A conceptual layout of the West Windsor solar energy back-up system from the township’s proposal.

West Windsor is one step closer to approving a solar microgrid project at the township municipal site.

Council considered the issue on Jan. 30, at a meeting that featured representatives from PSE&G and Princeton Power Systems to give details on the project.

The plan is for the microgrid to be built by PSE&G on the Censoni tract adjacent to the West Windsor municipal site. The solar panels would be constructed on a five-acre tract behind the Princetin Junction Firehouse.

A formal agreement with the township is still pending, and the solar experts will next do a detailed analysis of the project.

An agreement is expected to be ready to present to council in a few months.

In an informal straw poll, council members Alison Miller, Ayesha Hamilton and Linda Geevers expressed support for the project, which is currently in the conceptual stage. Geevers voiced several concerns, but said the project could move forward. The lone dissenting council member was Hemant Marathe, who repeatedly questioned the necessity of the project.

Peter Mendonez, council president, recused himself due to a potential conflict of interest. Mendonez’s previous employer works with PSE&G’s Solar 4 All program, which is funding the proposed $4 million project. Miller, as council vice president, took over as presiding officer.

Early estimates for the proposed size of the solar array had been as high as one megawatt, but the latest proposal reduced it to 500 kilowatts. PSE&G would own, operate, and maintain the solar array, which would be installed on the municipally-owned Censoni tract between the firehouse and the emergency services building on Everett Drive. PSE&G would pay for the system, as well as for fencing and landscaping that would be installed to screen the solar panels from public view.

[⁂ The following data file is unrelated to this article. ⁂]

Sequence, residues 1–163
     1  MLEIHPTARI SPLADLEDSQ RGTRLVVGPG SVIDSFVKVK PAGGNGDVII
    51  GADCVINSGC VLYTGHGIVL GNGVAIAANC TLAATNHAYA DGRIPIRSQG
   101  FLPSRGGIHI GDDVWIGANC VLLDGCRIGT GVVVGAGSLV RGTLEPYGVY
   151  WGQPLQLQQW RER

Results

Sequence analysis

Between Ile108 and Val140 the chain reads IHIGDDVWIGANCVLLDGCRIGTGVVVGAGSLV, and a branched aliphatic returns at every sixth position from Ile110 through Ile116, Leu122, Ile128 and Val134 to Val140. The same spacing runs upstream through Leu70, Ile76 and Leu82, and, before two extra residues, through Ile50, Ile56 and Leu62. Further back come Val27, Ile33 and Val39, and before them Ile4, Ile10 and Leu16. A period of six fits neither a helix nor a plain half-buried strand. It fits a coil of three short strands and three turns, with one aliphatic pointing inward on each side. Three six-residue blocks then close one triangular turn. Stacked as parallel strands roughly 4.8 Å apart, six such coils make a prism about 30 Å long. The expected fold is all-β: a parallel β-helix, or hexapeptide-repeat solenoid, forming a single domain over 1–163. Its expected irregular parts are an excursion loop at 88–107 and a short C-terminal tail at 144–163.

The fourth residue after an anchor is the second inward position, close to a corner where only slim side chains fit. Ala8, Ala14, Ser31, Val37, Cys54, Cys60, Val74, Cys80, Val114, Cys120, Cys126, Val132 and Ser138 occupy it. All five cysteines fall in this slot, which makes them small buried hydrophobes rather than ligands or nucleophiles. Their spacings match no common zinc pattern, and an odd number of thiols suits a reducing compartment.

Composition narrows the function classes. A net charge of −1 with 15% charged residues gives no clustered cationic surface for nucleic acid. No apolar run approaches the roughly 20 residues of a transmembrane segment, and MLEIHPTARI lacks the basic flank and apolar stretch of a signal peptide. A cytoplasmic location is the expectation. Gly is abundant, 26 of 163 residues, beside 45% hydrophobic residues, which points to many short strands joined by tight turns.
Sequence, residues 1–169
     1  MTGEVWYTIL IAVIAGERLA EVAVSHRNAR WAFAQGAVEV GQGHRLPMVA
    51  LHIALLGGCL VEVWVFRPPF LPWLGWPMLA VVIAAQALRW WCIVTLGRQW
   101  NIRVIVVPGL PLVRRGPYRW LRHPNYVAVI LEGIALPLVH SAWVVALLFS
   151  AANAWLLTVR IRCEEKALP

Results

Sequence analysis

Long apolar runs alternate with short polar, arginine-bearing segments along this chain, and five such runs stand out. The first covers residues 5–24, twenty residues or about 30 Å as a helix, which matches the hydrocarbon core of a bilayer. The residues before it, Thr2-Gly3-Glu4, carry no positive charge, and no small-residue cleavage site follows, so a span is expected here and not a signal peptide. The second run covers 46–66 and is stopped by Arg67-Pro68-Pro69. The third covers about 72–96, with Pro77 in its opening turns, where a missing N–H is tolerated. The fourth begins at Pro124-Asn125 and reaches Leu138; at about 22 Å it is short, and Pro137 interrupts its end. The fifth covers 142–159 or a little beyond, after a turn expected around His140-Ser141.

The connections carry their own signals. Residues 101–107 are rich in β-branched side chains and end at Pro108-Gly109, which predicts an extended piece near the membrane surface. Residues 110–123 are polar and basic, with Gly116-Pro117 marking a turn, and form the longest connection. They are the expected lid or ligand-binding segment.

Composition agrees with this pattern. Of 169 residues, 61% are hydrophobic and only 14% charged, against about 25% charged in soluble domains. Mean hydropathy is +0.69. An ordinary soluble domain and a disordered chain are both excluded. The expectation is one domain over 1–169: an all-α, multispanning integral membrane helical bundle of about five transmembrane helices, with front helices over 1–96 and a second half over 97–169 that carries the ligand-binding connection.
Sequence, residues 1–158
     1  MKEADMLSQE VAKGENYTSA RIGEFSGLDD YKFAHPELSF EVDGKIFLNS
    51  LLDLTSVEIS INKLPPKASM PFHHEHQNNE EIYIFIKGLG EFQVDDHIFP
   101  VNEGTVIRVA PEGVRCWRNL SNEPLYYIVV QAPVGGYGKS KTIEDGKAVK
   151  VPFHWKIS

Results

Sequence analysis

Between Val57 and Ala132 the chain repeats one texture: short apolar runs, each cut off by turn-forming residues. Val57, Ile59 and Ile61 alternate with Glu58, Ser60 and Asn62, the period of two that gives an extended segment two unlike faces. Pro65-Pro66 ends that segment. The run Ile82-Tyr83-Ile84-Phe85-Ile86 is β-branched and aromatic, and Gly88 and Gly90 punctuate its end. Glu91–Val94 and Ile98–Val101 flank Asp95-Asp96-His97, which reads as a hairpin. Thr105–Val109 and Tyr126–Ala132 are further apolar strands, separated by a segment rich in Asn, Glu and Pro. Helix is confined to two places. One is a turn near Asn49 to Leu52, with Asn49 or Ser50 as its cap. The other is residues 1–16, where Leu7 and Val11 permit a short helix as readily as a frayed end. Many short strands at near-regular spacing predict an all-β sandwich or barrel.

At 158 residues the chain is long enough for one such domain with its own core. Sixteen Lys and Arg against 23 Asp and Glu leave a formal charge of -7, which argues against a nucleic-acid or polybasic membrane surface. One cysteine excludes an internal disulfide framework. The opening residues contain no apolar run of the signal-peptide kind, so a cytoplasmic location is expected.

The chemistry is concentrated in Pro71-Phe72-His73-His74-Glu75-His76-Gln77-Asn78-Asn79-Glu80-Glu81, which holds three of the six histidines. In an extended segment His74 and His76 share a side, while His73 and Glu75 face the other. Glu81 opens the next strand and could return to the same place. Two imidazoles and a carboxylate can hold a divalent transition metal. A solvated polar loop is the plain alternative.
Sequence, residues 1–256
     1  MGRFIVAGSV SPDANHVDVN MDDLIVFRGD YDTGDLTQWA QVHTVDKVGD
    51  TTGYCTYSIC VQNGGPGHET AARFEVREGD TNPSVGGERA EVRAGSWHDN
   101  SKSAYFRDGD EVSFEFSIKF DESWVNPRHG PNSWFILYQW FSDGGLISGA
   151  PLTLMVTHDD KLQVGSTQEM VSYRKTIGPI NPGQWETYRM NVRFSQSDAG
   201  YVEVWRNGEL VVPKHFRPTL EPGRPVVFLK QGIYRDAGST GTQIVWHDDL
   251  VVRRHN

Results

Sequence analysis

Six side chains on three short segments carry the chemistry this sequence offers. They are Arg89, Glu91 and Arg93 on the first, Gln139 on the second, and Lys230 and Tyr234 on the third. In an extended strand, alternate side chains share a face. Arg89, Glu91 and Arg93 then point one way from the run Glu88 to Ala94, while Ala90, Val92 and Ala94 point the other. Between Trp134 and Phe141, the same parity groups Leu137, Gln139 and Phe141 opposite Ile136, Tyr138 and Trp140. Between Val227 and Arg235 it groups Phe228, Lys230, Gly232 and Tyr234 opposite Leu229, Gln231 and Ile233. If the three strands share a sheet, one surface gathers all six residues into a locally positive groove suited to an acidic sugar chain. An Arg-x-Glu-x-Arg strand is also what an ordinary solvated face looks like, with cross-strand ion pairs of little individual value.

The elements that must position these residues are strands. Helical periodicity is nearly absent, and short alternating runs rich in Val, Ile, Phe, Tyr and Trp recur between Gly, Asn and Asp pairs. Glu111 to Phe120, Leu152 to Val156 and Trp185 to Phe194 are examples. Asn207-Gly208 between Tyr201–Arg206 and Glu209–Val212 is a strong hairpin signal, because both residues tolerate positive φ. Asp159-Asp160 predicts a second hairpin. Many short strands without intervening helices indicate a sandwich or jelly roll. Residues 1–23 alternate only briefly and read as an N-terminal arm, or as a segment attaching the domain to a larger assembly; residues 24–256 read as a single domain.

PSE&G would lease the land for $29,000 a year, with a 2.5 percent annual increase, for 20 years. The lease payment to the town would be fixed, a change from earlier reports that the town’s rent would be 4.5 cents for every kilowatt-hour of electricity generated.

PSE&G’s Andrew Powers said the $29,000 is based off a 500-kilowatt system’s estimated generation, and there would be no change in lease payments based on under or over production.

The feature that distinguishes the proposed project from run-of-the-mill solar generation is battery storage and control equipment, provided by Princeton Power, that allows the system to operate as a microgrid.